Hence, in like manner, come the Cep b a lop baryvgee us, Sph<£?20pharyng£iis, &c.
PTEROPHORl, in Antiquity, a Name givejrt tofuch of
PUBLICATION, the Act of Promulgating, or making a thing known to the World. See Promulgation.
By the Canons, Publication is to be made of the Bans of Marriage three times, e'er the Ceremony can be fclemnizedj without efpecial Licence to the contrary. See Mark i age.
PUCELLAGE, fee Virginity.
PUDICA Planta, fee Sensitive Plant.
PUERILITY, in Difcourfe. Longinus defines it to be a Thought, which, by being too far fetch'd, becomes flat
andinfipid. Puerility, he adds, is the common Fault of
thofe who afte£t to fay nothing but what is Brillant and Ex- traordinary. See Suijlime.
PUGIL, among Phvficians, &c. a Meafure of Flowers, Seeds, or the like Matters, containing fo much as may be
the Roman Couriers as brought Tidings of any Declaration taken up between the Thumb and two Fore-Fingers. See
of War, a Battel loft, or any Mi/fiap befallen the Roman Measure.
Armies. The Pugil is efteem'd the eighth part of the Handful,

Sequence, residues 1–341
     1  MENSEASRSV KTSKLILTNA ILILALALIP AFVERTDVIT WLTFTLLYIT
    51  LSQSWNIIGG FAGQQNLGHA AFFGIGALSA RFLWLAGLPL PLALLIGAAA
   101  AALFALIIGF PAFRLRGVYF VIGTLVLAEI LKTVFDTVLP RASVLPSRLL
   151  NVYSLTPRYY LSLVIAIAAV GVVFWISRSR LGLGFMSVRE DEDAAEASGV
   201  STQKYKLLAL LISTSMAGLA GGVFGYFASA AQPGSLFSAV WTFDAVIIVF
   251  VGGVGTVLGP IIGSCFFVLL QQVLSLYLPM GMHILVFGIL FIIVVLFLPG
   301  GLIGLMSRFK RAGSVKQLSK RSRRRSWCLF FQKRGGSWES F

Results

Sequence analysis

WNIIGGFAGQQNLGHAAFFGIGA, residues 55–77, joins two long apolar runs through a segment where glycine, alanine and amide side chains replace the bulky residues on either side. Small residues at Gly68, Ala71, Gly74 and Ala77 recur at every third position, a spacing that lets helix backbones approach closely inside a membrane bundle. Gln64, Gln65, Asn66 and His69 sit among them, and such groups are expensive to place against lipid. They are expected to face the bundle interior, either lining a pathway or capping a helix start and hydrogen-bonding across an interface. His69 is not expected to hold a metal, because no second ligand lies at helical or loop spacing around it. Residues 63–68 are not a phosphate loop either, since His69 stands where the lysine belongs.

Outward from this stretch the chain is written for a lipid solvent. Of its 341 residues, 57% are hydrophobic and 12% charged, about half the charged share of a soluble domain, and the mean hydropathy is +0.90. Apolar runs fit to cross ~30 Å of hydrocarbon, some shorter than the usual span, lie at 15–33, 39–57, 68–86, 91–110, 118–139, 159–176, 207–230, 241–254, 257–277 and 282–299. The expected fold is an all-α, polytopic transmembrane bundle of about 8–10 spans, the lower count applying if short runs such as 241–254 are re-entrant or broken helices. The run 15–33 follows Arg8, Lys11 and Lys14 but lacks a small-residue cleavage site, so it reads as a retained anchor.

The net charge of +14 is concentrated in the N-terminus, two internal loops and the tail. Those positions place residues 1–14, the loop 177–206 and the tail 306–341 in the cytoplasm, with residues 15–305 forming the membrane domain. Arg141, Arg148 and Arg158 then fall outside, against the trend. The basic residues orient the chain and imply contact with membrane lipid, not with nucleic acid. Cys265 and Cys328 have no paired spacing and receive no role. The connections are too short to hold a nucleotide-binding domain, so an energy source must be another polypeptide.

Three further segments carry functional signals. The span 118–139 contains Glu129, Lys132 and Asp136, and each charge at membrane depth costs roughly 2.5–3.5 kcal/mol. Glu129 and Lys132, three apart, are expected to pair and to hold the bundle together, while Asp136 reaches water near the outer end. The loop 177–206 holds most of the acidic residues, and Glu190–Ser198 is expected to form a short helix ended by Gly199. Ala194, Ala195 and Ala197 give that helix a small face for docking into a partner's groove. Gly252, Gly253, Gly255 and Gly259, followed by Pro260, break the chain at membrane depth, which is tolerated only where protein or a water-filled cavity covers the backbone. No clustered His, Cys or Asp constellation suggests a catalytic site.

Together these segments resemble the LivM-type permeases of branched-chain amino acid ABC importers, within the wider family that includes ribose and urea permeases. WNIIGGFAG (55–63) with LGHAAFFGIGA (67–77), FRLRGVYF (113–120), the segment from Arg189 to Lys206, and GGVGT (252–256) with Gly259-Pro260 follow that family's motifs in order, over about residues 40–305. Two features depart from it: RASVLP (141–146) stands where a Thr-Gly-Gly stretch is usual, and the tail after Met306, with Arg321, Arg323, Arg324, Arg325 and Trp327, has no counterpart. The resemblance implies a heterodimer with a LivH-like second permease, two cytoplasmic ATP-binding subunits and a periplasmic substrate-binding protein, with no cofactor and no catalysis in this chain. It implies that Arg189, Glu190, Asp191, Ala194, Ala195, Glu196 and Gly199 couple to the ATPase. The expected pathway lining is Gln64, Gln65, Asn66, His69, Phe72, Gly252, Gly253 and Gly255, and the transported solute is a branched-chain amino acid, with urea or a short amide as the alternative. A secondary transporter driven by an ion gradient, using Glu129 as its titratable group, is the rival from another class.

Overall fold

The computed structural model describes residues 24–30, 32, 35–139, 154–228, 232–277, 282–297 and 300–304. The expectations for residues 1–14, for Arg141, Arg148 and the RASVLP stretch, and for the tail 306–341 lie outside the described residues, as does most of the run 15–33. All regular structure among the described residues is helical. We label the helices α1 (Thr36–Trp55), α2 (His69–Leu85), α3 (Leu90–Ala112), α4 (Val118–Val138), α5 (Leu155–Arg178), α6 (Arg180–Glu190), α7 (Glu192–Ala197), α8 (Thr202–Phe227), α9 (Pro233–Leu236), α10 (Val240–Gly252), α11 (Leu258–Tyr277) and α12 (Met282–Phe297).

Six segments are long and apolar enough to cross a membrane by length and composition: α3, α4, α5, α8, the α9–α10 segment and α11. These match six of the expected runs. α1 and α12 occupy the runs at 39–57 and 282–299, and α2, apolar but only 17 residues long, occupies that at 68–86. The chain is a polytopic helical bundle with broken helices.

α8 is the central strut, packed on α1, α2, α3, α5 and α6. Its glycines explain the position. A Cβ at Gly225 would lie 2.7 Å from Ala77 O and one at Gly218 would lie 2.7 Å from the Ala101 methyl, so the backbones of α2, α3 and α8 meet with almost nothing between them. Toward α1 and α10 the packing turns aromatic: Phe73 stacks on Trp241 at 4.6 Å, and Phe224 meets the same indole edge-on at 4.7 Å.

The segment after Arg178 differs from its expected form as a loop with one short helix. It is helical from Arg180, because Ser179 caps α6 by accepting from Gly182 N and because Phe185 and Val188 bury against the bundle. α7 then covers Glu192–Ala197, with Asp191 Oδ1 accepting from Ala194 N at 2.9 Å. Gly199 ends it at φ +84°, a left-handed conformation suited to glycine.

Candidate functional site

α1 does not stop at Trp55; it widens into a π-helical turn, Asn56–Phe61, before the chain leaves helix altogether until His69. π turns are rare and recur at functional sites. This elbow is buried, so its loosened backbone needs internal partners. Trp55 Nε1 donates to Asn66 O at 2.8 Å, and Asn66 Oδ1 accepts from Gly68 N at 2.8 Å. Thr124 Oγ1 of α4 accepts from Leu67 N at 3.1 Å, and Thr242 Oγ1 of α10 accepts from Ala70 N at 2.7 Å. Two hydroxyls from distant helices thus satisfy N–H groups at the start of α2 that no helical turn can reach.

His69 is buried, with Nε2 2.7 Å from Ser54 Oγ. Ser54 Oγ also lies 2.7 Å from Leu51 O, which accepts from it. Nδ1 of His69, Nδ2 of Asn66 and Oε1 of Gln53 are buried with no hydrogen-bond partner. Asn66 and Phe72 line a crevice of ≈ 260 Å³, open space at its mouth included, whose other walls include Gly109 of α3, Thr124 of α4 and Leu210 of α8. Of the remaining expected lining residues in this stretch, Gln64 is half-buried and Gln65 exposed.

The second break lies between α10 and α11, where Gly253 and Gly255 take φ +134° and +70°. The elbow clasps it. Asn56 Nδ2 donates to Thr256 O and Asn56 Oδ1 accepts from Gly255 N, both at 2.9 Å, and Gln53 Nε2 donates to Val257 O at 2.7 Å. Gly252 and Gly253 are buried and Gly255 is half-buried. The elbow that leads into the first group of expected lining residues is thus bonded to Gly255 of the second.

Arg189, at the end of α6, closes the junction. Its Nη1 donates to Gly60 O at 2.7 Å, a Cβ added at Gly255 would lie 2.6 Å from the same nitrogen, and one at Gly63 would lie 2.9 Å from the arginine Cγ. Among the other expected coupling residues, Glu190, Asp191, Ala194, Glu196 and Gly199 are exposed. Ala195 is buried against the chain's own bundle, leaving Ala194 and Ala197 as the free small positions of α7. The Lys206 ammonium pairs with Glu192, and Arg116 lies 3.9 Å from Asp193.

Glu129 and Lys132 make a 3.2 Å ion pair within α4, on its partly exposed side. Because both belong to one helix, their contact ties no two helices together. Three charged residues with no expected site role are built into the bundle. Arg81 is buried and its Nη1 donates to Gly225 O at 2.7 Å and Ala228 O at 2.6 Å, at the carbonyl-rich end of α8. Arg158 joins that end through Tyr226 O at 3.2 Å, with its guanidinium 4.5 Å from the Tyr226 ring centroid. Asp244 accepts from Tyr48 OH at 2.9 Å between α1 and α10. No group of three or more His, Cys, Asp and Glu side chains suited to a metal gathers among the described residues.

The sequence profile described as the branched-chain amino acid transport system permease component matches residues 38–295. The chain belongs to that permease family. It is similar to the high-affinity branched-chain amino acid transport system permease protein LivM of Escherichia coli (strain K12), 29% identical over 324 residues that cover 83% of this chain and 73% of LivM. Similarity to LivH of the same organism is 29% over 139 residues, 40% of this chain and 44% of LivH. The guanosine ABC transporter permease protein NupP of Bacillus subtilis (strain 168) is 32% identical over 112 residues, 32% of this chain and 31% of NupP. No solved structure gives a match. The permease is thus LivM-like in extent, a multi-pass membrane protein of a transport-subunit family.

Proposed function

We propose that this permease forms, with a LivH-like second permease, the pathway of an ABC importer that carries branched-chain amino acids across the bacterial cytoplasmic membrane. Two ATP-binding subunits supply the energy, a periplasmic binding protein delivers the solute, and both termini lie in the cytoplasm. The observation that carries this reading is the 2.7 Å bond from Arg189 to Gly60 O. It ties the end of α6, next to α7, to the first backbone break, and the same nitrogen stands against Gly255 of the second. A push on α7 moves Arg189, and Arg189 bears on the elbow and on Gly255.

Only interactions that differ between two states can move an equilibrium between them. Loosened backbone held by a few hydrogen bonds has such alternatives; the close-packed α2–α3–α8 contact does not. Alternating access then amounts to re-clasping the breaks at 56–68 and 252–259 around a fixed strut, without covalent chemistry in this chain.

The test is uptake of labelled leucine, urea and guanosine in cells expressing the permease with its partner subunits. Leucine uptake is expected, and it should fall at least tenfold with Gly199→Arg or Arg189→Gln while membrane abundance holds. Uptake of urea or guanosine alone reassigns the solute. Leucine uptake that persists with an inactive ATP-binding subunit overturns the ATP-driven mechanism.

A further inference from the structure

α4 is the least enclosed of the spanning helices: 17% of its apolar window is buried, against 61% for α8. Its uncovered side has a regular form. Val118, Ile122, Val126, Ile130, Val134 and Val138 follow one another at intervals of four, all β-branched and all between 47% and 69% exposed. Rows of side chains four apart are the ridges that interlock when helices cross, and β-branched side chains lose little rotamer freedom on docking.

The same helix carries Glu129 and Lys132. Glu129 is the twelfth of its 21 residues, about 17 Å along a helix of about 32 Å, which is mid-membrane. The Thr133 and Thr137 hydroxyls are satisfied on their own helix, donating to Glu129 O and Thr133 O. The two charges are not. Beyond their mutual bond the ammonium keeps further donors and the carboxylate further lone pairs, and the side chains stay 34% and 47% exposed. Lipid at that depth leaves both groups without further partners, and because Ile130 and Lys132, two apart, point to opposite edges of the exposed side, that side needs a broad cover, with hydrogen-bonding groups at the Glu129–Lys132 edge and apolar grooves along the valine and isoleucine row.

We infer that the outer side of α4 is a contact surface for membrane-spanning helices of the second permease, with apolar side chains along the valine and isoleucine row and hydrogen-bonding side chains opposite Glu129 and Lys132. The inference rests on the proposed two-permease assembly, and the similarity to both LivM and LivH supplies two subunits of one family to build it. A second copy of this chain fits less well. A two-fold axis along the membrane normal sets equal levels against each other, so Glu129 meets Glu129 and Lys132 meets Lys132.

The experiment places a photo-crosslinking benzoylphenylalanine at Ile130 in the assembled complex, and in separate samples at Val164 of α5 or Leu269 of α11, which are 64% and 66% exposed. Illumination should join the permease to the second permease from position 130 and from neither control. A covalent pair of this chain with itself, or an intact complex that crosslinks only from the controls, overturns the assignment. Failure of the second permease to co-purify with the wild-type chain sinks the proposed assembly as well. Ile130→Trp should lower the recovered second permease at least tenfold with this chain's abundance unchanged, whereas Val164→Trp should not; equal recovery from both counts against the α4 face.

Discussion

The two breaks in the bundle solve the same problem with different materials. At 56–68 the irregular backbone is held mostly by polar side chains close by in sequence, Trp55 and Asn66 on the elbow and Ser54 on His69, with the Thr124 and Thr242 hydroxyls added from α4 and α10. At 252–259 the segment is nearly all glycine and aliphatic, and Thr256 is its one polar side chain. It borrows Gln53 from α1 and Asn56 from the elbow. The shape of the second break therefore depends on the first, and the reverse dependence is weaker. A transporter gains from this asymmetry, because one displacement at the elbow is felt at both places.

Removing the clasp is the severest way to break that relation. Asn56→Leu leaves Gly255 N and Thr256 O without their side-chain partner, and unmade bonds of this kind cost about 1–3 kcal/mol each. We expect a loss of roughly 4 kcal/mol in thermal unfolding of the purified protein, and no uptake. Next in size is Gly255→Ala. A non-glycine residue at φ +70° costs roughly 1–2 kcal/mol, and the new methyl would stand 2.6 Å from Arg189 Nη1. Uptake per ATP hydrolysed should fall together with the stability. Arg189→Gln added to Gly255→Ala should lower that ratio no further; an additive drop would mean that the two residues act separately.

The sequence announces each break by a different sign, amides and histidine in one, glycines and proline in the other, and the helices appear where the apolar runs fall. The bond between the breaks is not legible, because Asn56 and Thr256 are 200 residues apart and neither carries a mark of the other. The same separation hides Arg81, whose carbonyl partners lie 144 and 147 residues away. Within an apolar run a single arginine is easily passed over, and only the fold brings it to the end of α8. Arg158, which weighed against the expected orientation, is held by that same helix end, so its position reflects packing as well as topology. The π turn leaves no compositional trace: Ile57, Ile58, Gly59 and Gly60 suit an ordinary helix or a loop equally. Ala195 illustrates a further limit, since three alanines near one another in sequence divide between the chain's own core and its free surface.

They were fo cali'd becaufe they bore Wings on the See Manipulus.
Points of their Pikes ; from the Greek <v%iw, Wing, and The Word comes from the Latin, Pugillus, little Hand.
asm, I bear. The French frequently call it Pincee, Pinch. Some con-
PTISAN, Ptisan a, in Medicine, a cooling Pnrion, made found Pugil with Manipulus ; andufeit for a Handful,
of Barley boil'd in Water, and ufually fweeten'd with Li- PUISNE, Puny, in Law, a Younger-born 5 or a Child
quorice, &c. born afteranother. SeeMuLiER.
To thefe are fometimes added the Herb Dog's-grafs, and The Word is not only apply'd to the fecond, third, fourth,
Senna to render it laxative.— Mofl of the Decoclions of $$ c . with regard to the firit 5 but to the third with regard to
Phyficians are in Ptifans. SecDEcnc
Feverifh Patients are prohibited Wine,ei?c. and reduced to Ptifans.
The Word is form'd from the Greek «V*f>S which fig- nifies the fame thing.
PTOLEMAITES, a Branch of the antient Gnojlics 5 fo calt'd from their Leader Ptolemy.
This Herefiarch isreprefented as a Man of considerable Learning, who improved confiderably on the Sy.em of the
the fecond, &c.
Thelaitofail is cali'd abfolutelyCtf^ef. See Cadet.
The Word is pure French $ in which Language it bears the fame Signification.
In the like fenfe we fay a Puifne Judge, a TiiifneCotm- fellor. See Judge and Justice.
PUKING, a cant Word for a Naufea, or Difpofition to Vomit. See Nausea and Vomiting.
PUL, in Commerce, a general Name which the Per-
Gnoftics, his Predeceffv.rs, and enlarged i' with a number of jfans give to all the Copper-Moneys current in the Empire 5 Notions and Vifions of hisown. SccGnost 1 cs. particularly the Kabefqui and 2)emi-kabefqui. See Money
S. Epiphaniv.s is very ample on the Subjcft of the Ptole- and Coin.